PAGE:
With dozens of ways to compare home values online, you’ve probably noticed that you don’t always get the same results on different sites. Putting your home address into Zillow, Trulia, Redfin or other online home search tools will all yield different results. So, how accurate is Zillow? And what determines the “Zestimate” accuracy? Can you rely on this number for a home sale or purchase?
How Accurate Is Zillow?
What is the Zestimate?
Before answering how accurate Zillow is, it’s important to understand what Zillow’s Zestimate is, where it comes from, and what it is intended for.
Zillow is a software product built by statisticians and business people for consumers, not by or for real estate professionals. This has made it is accessible and easy to understand, but it is also not intended to replace a real estate professional’s expertise. Zillow emphasizes this themselves, stating on their website that the Zestimate ”is a starting point in determining a home's value and is not an official appraisal.” The Zestimate is a good starting point, but relying on it for more than that may be a mistake.
Many homeowners and buyers not only wonder how accurate Zillow is, but also where the Zestimate accuracy comes from. The Zestimate’s accuracy is determined by a “proprietary automated valuation model.” Zillow keeps their actual algorithm a secret, but explains that it is based on public records and prior sales. Different aspects of the home, such as square footage, bedrooms, and bathrooms, are retrieved from public records, and these values are assigned a weight, which varies by geography and time. From this, the algorithm produces a price. Other websites use a similar approach, though with their own algorithms and models.
Is the Zestimate Accurate?
How accurate Zillow is varies by region. On average, about half of Zillow’s listings are accurate to within 5% of a home’s actual sale value. The other half are further away, and it’s difficult to tell by how much. In Dallas-Fort Worth, for example, less than a third of homes are priced to within 5% of the real value. In Cleveland, less than half are within 5% of the real value, and only about 65% are within 10% of the real value. On a $200,000 home, this is a $20,000 difference.
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What Is Zillow Missing?
For purely number-based questions using accurate databases, statistics can provide beautiful solutions. However, the solution is only as accurate as the numbers going into the algorithm. In real estate valuations based on public records and tax assessments, this can be a problem. When homeowners add valuable features to their home, or when homes deteriorate, an official valuation isn’t generally first priority. Maintaining accurate records for every home is generally not the highest priority for busy city governments, either.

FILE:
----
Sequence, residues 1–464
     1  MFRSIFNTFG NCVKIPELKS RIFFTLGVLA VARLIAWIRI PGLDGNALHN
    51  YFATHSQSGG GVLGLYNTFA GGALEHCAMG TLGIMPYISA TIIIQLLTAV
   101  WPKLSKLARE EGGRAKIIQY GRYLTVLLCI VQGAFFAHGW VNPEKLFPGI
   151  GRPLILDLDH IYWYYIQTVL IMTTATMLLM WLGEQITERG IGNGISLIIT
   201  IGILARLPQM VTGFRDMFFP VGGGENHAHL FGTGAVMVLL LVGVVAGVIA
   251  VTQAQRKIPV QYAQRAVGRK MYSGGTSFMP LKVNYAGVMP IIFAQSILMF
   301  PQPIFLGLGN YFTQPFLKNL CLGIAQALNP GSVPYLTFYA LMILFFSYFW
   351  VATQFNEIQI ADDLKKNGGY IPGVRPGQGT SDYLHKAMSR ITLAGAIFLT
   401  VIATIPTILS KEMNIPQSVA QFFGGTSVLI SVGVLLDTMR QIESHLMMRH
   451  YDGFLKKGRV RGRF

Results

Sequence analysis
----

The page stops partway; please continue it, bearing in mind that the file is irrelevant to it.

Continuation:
It is also difficult to say how accurate Zillow is for homes near notable features. Being close to a good school, near an up-and-coming shopping district, or neighboring an attractive park will all raise home values. Being too close to a busy highway, a poorly maintained building, or a flood zone will lower home values. However these features could only be identified by someone who knows the area or has seen the home.
Furthermore, statistical algorithms don’t account for non-numerical factors, such as feelings a person may have. In real estate, the way a buyer or seller perceives a home can affect the price greatly. This is what makes home staging and curb appeal so important.
Finally, the Zestimate’s accuracy does consider the actual sale values of a home, but it doesn’t include concessions home buyers or sellers may have made during the deal. Realtor negotiation tactics can make thousands of dollars in differences in closing costs or repairs which aren’t visible in the sale price.
Is Zillow Accurate Enough To Price My Home?
While Zillow can generally tell you if your home has increased or decreased in value, or how much equity you’ve acquired, Zillow is not accurate enough to price your home. A real estate professional uses public data and market info, but they will also find comps, walk through the home and the neighborhood, use detailed data provided by the MLS, and much more to accurately assess your home. Whether you are buying or selling your home, make sure you get all the information you can before putting a solid price on the property.
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